In 1890, Zanzibar became a British protectorate while the mainland became part of German East Africa.The period of German rule was extremely heavy-handed; when the Africans fought back during the Maji-Maji rebellion of 1905, tens of thousands were killed.Tanzania also shares three great lakes—Victoria, Tanganyika, and Malawi—with its neighbors.The country is comprised of a wide variety of agro-ecological zones: low-lying coastal plains, a dry highland plateau, northern savannas, and cool, well-watered regions in the northwest and south.At the same time, however, repressive, corrupting influences emanating from the colonial, socialist, and capitalist eras have fostered among many Tanzanians an attitude of dependency and fatalistic resignation that helps keep the country one of the poorest in the world. Covering approximately 365,000 square miles (945,000 square kilometers)—an area about one and one-half times the size of Texas, Tanzania lies on the east coast of Africa, just south of the equator.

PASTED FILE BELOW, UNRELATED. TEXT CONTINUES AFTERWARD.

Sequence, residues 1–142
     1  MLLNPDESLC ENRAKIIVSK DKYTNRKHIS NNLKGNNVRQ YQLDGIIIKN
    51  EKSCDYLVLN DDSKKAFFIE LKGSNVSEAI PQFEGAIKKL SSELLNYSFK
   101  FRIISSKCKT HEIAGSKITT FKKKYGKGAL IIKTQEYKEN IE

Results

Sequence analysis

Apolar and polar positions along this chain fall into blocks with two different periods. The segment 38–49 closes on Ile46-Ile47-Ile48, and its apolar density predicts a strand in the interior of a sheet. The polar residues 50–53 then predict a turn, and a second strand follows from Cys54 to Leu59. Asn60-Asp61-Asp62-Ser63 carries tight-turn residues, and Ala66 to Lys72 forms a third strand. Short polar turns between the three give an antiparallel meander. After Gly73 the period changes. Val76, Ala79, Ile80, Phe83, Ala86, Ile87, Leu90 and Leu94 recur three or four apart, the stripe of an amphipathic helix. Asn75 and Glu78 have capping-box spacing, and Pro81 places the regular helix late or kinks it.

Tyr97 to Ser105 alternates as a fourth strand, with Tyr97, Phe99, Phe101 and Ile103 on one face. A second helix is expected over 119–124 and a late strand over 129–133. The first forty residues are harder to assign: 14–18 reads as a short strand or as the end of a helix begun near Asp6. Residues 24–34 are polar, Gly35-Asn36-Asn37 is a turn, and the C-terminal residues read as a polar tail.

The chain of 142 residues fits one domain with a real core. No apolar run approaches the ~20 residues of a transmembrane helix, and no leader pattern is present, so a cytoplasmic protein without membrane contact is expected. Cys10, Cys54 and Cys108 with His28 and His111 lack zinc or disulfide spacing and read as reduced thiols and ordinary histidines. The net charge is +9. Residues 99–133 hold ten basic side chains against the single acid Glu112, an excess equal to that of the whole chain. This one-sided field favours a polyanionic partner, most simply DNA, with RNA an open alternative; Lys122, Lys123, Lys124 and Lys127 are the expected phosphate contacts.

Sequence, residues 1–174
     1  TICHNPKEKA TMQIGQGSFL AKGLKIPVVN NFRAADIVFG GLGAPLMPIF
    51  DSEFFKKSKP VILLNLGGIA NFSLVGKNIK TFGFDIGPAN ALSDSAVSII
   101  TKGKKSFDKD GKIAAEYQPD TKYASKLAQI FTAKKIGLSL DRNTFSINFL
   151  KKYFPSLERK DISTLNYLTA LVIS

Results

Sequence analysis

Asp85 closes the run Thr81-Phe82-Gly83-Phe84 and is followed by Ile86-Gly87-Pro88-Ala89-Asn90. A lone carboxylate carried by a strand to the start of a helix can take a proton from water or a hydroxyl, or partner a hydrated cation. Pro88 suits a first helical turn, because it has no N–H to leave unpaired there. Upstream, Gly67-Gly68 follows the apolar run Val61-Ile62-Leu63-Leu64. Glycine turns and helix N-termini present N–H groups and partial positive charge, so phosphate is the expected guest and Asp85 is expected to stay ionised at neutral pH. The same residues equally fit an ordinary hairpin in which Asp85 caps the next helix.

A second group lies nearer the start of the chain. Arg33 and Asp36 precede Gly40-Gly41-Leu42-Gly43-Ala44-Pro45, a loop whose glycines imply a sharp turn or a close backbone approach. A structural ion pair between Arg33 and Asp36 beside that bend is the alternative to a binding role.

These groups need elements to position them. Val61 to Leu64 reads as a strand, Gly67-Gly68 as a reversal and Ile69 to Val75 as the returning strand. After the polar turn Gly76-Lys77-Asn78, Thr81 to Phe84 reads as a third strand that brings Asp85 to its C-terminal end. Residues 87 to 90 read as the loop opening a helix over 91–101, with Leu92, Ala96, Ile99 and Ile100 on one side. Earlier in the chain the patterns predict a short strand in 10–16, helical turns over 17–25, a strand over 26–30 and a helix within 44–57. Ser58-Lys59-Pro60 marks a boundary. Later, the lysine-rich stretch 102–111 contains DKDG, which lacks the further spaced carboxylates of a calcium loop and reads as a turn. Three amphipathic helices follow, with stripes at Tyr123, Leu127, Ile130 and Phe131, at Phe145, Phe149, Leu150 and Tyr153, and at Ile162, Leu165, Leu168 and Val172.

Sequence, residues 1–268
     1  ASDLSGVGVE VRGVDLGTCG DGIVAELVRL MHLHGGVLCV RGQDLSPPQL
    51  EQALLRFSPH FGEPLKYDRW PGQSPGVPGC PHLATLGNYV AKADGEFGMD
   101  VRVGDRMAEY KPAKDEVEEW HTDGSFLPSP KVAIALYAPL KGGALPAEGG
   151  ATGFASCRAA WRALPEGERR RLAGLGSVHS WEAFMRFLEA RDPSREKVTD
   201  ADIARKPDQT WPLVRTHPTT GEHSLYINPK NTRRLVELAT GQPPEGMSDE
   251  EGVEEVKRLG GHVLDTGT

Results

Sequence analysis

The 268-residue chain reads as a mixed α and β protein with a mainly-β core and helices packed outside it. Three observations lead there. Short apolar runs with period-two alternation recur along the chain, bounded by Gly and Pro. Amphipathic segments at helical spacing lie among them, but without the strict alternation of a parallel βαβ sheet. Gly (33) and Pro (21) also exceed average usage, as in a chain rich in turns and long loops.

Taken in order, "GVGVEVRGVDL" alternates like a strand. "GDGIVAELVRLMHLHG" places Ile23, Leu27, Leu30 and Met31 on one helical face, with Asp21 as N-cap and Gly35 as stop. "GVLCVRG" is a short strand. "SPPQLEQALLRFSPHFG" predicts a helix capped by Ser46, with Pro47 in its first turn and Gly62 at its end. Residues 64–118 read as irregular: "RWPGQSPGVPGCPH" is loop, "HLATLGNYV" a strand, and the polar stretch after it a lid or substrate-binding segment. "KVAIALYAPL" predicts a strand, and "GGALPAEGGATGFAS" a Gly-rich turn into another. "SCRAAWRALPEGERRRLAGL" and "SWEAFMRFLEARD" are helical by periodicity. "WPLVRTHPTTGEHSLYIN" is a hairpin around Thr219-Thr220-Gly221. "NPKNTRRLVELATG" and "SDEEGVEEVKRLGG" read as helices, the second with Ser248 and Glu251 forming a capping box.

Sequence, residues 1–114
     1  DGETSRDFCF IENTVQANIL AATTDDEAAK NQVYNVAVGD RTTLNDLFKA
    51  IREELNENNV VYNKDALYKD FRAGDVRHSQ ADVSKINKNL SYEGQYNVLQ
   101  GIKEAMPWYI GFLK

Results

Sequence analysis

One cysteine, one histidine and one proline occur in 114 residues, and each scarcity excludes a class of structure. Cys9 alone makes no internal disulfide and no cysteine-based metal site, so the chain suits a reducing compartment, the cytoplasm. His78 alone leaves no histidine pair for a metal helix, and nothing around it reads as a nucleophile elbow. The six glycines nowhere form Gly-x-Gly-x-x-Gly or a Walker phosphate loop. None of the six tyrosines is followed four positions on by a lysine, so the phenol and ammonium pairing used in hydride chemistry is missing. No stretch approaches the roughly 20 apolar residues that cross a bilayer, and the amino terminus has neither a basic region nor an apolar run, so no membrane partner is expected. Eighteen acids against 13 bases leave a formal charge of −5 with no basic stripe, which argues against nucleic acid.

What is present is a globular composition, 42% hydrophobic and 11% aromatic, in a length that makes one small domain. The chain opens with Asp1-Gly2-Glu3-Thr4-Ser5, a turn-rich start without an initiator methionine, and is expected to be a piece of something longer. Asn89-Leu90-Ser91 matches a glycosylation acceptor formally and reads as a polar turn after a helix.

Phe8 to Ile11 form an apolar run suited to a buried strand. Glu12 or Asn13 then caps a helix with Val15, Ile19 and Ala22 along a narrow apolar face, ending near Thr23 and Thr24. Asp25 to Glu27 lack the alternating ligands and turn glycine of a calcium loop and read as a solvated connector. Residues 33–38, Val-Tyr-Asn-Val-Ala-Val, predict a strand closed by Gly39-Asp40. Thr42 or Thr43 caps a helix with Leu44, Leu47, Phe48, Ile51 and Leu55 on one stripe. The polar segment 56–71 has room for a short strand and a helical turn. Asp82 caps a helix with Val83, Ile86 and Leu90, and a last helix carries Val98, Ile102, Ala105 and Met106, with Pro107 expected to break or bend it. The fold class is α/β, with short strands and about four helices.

The torch of freedom ( uhuru ) and the figure of a soldier (representing the sacrifice of veterans and the war dead) are also common symbols throughout the country.
It is said that the mainland portion of what is now Tanzania was named by a British civil servant in 1920, from the Swahili words tanga (sail) and nyika (bright arid plain).
Thus what was known formerly as German East Africa became Tanganyika Territory.
This sense of nationalism has served to keep the country at peace for over two decades, while most of its neighbors have been involved intermittently in catastrophically destructive civil and cross-border wars.
Tanzanians have been able to resolve most internal problems without resorting to violence because of a shared language, the lack of political or economic dominance by any ethnic group, and the strong leadership provided by Julius Nyerere (1922–1999), the first president of Tanzania.